What Is an Agile Team and Why Is It So In Demand?
Agile methodology is a very popular software development and project management approach. It was invented in 2001, and since then, this framework didn’t stop growing. Due to how much value an agile team adds to produce a specific work, it’s picked by a wide variety of enterprises as their first-choice framework.
In short, Agile is an iterative approach to software development and project management. An agile team works setting all their strength to make things happen with the best quality, in the least amount of time possible. This way, Agile lets the team keep up with the demand and changes while still adding value to what they’re working on.
Key Roles in an Agile Team
One major aspect to note is that in Agile, there are different approaches to working on a project. We can talk about a Scrum agile team or a Kanban agile team. However, the more popular of the two is still Scrum. Here is the full guide.
Within a Scrum team in Agile, there are different responsibilities and roles. There will always be a Scrum Master, and a Product Owner, in addition to a development team. That team can be integrated by different types of professionals, depending on the purpose and goals of the group. In addition, an Agile team always works hand in hand with stakeholders.
Let’s dive into these roles to get to know them better!
A scrum master is the one who’s there to help the team achieve its goals. Within its responsibilities, we find the following:
They facilitate Scrum ceremonies and Sprint initiatives to make sure the team is working smoothly.
In Agile methodologies, teams work using a board to see the work in progress, and what’s on the backlog.
The scrum master makes sure the team doesn’t have any obstacles to completing a certain task, for example.
Coordination between Company Members
An Agile team needs to be prepared for sudden changes, and goal changes.
In that way, the scrum master makes sure to enable communication between what stakeholders require, and what team members can do to meet those objectives.
Helping the Product Owner
The scrum master is always working by the PO’s side since they’ll probably need help to manage the backlog to achieve optimum performance.
Also referred to as, simply, PO, the product owner is responsible for managing the product backlog, making sure team members understand the stakeholder’s needs and working to achieve their goals.
Among their role, they must:
- Own the product and the business vision.
- Make sure team members align with businesses’ requirements.
- Meet stakeholder’s expectations.
- Manage the backlog, prioritizing what needs to be done first, and what can wait until the next Sprint.
- Ensure the backlog is transparent, visible, and straightforward to all team members.
- The PO is responsible for product development to add value to the business and stakeholders.
Development teams are composed of a variety of professionals, according to the target. These may be:
- UX writers.
- UX specialists.
- Product designers.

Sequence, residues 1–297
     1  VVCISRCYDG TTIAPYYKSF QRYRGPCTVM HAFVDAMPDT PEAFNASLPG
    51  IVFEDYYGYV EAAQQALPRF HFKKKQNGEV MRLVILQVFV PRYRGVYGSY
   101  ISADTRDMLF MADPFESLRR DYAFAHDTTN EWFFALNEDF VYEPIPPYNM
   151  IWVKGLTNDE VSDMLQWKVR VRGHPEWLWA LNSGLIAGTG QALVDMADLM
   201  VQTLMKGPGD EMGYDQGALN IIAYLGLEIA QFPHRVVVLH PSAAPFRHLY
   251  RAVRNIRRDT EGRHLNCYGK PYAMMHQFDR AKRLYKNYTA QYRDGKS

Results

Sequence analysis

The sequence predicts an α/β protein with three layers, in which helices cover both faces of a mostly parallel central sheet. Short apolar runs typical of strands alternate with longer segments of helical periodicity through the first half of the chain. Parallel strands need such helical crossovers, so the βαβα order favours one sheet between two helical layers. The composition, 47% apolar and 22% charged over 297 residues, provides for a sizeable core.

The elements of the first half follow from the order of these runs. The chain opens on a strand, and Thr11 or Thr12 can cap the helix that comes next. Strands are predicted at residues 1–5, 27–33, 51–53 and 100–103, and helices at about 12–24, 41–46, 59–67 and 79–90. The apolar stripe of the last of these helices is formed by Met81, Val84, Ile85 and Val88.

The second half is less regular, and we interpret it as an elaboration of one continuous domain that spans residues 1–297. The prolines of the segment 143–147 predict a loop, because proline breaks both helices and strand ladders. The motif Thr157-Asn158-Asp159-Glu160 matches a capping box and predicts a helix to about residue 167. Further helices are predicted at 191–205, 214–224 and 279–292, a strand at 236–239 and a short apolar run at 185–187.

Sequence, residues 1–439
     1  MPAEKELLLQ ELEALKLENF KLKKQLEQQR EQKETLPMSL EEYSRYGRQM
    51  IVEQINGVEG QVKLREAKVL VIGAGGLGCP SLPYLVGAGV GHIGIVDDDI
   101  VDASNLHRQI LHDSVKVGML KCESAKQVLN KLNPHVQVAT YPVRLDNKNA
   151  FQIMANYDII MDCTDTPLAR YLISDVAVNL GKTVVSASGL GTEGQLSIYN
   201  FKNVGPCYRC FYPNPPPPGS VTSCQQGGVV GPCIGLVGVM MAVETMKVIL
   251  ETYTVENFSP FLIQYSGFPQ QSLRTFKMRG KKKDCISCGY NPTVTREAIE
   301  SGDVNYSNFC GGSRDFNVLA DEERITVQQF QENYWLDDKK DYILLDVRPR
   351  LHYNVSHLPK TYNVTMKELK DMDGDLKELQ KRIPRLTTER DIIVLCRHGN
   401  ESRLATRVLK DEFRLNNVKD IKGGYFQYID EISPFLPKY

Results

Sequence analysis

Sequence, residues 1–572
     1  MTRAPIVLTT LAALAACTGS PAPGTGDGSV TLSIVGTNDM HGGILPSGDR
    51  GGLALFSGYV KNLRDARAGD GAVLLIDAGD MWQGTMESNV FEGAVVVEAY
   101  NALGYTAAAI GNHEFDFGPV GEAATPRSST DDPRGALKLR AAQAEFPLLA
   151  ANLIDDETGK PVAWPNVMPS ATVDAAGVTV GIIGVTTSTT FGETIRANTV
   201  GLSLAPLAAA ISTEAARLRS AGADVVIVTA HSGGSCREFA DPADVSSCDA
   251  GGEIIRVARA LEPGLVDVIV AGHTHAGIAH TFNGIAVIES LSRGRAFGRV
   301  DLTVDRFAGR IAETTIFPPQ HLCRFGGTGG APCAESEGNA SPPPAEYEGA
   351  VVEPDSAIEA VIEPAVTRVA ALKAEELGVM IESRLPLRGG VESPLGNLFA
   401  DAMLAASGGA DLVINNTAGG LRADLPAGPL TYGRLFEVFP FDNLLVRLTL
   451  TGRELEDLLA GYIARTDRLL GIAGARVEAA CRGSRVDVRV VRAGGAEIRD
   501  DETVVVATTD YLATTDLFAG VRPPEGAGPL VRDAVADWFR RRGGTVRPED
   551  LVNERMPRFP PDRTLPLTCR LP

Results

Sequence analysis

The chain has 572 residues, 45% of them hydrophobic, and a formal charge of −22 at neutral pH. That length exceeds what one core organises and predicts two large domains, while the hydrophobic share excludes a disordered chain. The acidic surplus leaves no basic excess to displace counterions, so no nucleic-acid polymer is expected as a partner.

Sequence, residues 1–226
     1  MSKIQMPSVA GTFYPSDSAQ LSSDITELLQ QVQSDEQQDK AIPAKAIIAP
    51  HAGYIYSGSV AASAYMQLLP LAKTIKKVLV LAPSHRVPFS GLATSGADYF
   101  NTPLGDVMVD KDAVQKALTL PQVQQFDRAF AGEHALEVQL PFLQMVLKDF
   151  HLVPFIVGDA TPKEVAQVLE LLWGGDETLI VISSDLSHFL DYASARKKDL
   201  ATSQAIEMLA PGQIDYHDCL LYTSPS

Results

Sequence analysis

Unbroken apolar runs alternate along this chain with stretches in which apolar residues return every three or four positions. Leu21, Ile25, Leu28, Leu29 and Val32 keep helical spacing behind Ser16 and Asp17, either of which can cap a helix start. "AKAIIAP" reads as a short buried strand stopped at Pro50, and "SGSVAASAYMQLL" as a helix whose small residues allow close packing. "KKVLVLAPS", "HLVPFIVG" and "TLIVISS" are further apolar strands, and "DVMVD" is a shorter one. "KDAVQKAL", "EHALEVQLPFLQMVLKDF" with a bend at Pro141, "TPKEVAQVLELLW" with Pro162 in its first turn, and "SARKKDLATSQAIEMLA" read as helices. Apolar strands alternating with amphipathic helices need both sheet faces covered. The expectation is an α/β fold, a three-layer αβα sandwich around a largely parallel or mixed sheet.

- Functional analysts.
Such teams should be self-sufficiently organized, to be effective at the time of performing the assigned tasks. Some of their responsibilities and features are the following:
- They must be able to organize their schedule and the amount of work to be done.
- Team members carry out a certain number of tasks within a Sprint, depending on what was prioritized by the PO.
- To create product increments through collaborative work between team members.
3 Benefits of Using an Agile Methodology
According to kissflow, teams that use Agile methodologies are 28% more successful than those that don’t.
Among the advantages of this type of methodologies in a company, we can find the following:
More Deliverables in Less Time
By using Agile methodologies, value-added products are nearly always achieved faster.
This happens because, in Agile, tasks get prioritized while working collaboratively. In other words, if a team member cannot finish the assignment for whatever reason, other team members are always willing to help out to complete the task as soon as possible.
In addition, a big task can be broken down into smaller ones, reducing the number of features required. That way, the team achieves what’s called a minimum viable product (MVP). That MVP will then be iterated upon, to add the remaining functionalities and Nice-to-Haves.
Superior Quality Products
The Agile team constantly tests products and added features after each Sprint is over. This way, they ensure that they iterate as required to deliver a high-quality product.
Furthermore, Agile relies on feedback from users, consumers, customers, and stakeholders to work collaboratively and fix any bugs, or improve the content, for example.
Even though the business goals are often crystal clear, the strategy may need updating. This may occur once the Sprint has already begun, despite the fact that the Agile team has already started taking on tasks as scheduled and prioritized.
By working on small assignments to get them done quickly, the team can adapt to these shifts quickly, and deploy them at short notice.
Agile is still the most widely used framework for IT development, and will likely remain so for years to come.